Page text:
Given $a$ and $b$ calculate $ab$ $$a=\sqrt{7\sqrt{2\sqrt{7\sqrt{2\sqrt{...}}}}}$$ $$b=\sqrt{2\sqrt{7\sqrt{2\sqrt{7\sqrt{...}}}}}$$

I simplified the terms and further obtained that $ab$ is equal to: $$ab=2^{\frac{1}{2}+\frac{1}{4}+\frac{1}{8}+\frac{1}{16}...}\cdot7^{\frac{1}{2}+\frac{1}{4}+\frac{1}{8}+\frac{1}{16}+...}$$

How can I get a finite value?

  • $\begingroup$ See math.stackexchange.com/questions/589288/… $\endgroup$ Aug 19, 2017 at 16:15
  • $\begingroup$ @JoshuaSalazar This can be generalized for any $x,y$ inside the radicals, not just $2$ and $7$. See my answer. $\endgroup$ Aug 19, 2017 at 16:28
  • $\begingroup$ See also this for more discussion about the convergence issues. $\endgroup$ Aug 19, 2017 at 17:32
  • 2
    $\begingroup$ How is @Famkes second answer not obvious? What keeps us from immediately substituting $1$ for $\frac{1}{2}+\frac{1}{4}+...$ ? $\endgroup$ Aug 19, 2017 at 18:19

4 Answers 4


Assuming both nested square roots are well-defined, we have $a=\sqrt{7b}$ and $b=\sqrt{2a}$, from which $ab=\sqrt{14 ab}$ and $ab=\color{blue}{14}$.

  • 1
    $\begingroup$ i would add something like $ab \neq 0$ $\endgroup$
    – user1
    Aug 19, 2017 at 23:15
  • 3
    $\begingroup$ @Ben: I think it is trivial that if $a$ and $b$ are well defined they are positive, so $ab$ is positive as well. $\endgroup$ Aug 19, 2017 at 23:16
  • 1
    $\begingroup$ It surely isn't hard to show that $a,b>0$, but by definition a squareroot can be $0$. $\endgroup$
    – user1
    Aug 20, 2017 at 11:41

First answer:

Notice that:

$$\color{Blue}{a=\sqrt{7\sqrt{2\sqrt{7\sqrt{2\sqrt{...}}}}}} \ \ \ ;$$ $$\color{Red}{b=}\sqrt{\color{Red}{2}\color{Blue}{\sqrt{7\sqrt{2\sqrt{7\sqrt{...}}}}}} \ \ \ ;$$

which implies that:

$$ \color{Red}{b}=\sqrt{\color{Red}{2}\color{Blue}{a}} \ \ \ ; $$

similarly we have:

$$a=\sqrt{7b} \ \ \ . $$

So we must have:

$$a= \sqrt{7b}= \sqrt{7\sqrt{2a}} = \sqrt[4]{98a} \Longrightarrow a^4=98a \Longrightarrow a^4-98a=0 ; $$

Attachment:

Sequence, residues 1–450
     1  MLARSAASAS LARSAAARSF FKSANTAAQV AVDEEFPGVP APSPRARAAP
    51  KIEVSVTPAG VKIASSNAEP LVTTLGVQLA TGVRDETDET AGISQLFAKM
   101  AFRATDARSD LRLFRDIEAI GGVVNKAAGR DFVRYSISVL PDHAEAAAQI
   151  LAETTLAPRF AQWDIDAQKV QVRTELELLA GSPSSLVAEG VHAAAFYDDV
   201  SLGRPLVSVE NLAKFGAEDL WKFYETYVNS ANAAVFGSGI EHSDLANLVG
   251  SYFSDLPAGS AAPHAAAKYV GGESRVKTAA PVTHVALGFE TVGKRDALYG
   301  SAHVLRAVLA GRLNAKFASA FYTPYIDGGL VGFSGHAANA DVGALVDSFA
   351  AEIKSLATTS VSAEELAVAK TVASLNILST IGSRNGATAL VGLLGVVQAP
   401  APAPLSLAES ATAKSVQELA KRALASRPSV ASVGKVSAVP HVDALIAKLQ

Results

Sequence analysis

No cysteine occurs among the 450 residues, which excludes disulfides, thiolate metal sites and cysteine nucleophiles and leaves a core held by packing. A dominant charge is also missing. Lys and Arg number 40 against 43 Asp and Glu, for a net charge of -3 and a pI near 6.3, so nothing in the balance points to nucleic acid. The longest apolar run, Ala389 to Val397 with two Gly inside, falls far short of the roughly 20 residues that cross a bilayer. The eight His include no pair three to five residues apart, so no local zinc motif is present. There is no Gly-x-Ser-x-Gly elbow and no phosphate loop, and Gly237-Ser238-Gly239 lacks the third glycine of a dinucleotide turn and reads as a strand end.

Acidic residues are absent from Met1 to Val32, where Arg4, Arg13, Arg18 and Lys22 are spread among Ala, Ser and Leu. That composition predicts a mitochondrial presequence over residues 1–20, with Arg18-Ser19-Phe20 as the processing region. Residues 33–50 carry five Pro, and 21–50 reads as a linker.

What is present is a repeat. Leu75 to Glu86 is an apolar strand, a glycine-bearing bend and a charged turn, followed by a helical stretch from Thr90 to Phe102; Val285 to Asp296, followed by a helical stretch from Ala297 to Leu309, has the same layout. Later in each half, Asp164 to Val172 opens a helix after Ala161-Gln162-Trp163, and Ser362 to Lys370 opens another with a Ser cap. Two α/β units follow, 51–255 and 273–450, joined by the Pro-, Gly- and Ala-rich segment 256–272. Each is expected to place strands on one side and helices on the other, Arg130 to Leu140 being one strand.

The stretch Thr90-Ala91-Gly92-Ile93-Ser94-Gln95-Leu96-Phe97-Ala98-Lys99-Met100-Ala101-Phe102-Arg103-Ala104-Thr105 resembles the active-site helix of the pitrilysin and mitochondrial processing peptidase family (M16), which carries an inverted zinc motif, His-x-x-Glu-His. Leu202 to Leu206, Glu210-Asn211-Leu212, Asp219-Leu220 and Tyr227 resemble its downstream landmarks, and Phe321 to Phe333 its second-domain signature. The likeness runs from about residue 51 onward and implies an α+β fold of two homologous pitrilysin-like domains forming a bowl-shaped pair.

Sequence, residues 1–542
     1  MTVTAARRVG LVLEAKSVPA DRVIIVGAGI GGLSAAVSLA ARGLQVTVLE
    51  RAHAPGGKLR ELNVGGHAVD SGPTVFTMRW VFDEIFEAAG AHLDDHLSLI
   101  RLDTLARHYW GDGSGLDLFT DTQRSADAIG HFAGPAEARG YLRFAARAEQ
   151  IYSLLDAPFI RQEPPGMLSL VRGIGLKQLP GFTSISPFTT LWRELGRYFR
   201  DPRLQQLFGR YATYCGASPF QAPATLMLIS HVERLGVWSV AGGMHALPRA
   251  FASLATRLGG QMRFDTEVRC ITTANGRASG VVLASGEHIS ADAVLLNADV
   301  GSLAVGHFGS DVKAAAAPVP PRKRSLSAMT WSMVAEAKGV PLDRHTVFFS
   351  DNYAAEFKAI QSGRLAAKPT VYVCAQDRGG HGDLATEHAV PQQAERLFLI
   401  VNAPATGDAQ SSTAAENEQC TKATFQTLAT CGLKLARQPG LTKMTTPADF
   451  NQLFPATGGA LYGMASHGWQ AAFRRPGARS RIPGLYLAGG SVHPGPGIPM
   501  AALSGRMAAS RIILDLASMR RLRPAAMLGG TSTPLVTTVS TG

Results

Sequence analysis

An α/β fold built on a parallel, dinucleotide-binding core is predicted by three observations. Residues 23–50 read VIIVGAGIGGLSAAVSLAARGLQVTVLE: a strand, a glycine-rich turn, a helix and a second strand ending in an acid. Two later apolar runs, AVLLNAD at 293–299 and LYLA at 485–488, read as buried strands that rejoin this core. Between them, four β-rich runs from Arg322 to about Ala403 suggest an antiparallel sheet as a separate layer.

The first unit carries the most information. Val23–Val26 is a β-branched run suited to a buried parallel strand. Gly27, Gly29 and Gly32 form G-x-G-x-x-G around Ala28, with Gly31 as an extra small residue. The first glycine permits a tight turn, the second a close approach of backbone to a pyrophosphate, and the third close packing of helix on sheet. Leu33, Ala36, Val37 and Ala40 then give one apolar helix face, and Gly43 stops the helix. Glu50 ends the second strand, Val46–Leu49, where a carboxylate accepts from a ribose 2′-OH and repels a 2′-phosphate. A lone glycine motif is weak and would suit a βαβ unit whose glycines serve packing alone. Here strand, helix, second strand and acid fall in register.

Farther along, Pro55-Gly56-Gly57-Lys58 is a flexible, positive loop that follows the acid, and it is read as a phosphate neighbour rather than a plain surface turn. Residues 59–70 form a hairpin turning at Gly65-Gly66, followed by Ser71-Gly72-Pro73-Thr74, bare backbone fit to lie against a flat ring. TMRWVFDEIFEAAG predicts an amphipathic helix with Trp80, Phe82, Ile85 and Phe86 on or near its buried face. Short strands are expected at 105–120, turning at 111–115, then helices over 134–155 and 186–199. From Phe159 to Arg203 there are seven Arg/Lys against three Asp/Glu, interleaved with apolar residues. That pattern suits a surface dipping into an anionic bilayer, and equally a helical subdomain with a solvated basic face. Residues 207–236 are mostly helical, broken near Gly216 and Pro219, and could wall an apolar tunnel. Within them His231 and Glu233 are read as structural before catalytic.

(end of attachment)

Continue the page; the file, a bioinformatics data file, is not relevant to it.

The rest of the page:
but notice that the equation $x(x^3-98)$ has only two real solutions; $0$ and $\sqrt[3]{98}$.
So we can conclude that $a=\sqrt[3]{98}$.

Also we must have:

$$b= \sqrt{2a}= \sqrt{2\sqrt{7b}} = \sqrt[4]{28b} \Longrightarrow b^4=28b \Longrightarrow b^4-28b=0 ; $$

but notice that the equation $x(x^3-28)$ has only two real solutions; $0$ and $\sqrt[3]{28}$.
So we can conclude that $b=\sqrt[3]{28}$.

So we have: $ab=\sqrt[3]{98}\sqrt[3]{28}=\sqrt[3]{2^3.7^3}=\color{Green}{14}.$

Second answer: Notice that

$$ \color{Green}{\dfrac{1}{2} + \dfrac{1}{4} + \dfrac{1}{8} + ... = 1 } ; $$

so we can conclude that $ab=2^1.7^1=\color{Green}{14}$

  • $\begingroup$ @ Jyrki Lahtonen you are right. It need to attend some analytic conditions; which I have been forgot. $\endgroup$
    – Davood
    Aug 19, 2017 at 16:48
  • $\begingroup$ a,b = 0 is clearly an extraneous root that is incompatible with how they are defined $\endgroup$
    – smci
    Aug 20, 2017 at 21:39

$$a=\sqrt{7\sqrt{2\sqrt{7\sqrt{2\sqrt{...}}}}}$$ $$a^2=7\sqrt{2\sqrt{7\sqrt{2\sqrt{...}}}}$$ $$a^4=98\sqrt{7\sqrt{2\sqrt{...}}}$$ so $$a^4=98a$$ and, assuming $a$ is nonzero, $$a=\sqrt[3]{98}$$

$$b=\sqrt{2\sqrt{7\sqrt{2\sqrt{7\sqrt{...}}}}}$$ $$b^2=2\sqrt{7\sqrt{2\sqrt{7\sqrt{...}}}}$$ $$b^4=28\sqrt{2\sqrt{7\sqrt{...}}}$$ $$b^4=28b$$ and, assuming $b$ is nonzero, $$b=\sqrt[3]{28}$$ so $$ab=\sqrt[3]{2744}=14$$

Additionally, it's not hard to prove that if $$a=\sqrt{x\sqrt{y\sqrt{x\sqrt{y\sqrt{...}}}}}$$ and $$b=\sqrt{y\sqrt{x\sqrt{y\sqrt{x\sqrt{...}}}}}$$ then $ab=xy$.

  • 8
    $\begingroup$ Are you also one of those people who think that $1-1+1-1+1-\cdots=1/2$ because $S=1-1+1-1+\cdots$ satisfies $$1-S=1-(1-1+1-1+\cdots)=1-1+1-1+1-1\cdots=S?$$ $\endgroup$ Aug 19, 2017 at 16:51
  • $\begingroup$ @JyrkiLahtonen I don't see how that is analogous to this problem. The limit as $n$ goes to infinity of $$\sum_{x=0}^n (-1)^x$$ does not exist because of fluctuation, whereas this sequence does not fluctuate. I don't think my question deserves to be down voted because of my recursive definition - it is appropriate in this problem, but not in your example. $\endgroup$ Aug 19, 2017 at 16:57
  • 2
    $\begingroup$ IMHO unless you prove that the limits exist, the answer is not useful. $\endgroup$ Aug 19, 2017 at 16:59
  • 1
    $\begingroup$ What @JyrkiLahtonen means is that you need to ensure the given infinitely nested radical converges in some sense. This usually involves something along the lines$$a_1=\sqrt{b_1}\\a_2=\sqrt{b_1\sqrt{b_2}}\\a_3=\sqrt{b_1\sqrt{b_2\sqrt{b_3}}}\\\vdots\\\sqrt{b_1\sqrt{b_2\sqrt{b_3\sqrt{\dots}}}}\equiv\lim_{n\to\infty}a_n$$If this limit does not exist, we would usually say the nested radical does not converge, though your solution ignores this. $\endgroup$ Aug 19, 2017 at 20:20
  • 1
    $\begingroup$ Of course, proving the convergence is not too hard to do. Indeed, the related sequences here are clearly monotonically increasing, and by induction, bounded above by your claimed values, and thus convergent. $\endgroup$ Aug 19, 2017 at 20:23

This seems easier than the half page proofs people are providing

$$a = \sqrt{7 b}$$

$$b = \sqrt{2 a}$$

$$a^2 = 7 b$$

$$b^2 = 2 a$$

$$a^2 b^2 = 14 a b$$

$$a b = 14$$

Unless I am missing something, a > 0 and b >0 we already know


Your Answer

By clicking “Post Your Answer”, you agree to our terms of service, privacy policy and cookie policy

Not the answer you're looking for? Browse other questions tagged or ask your own question.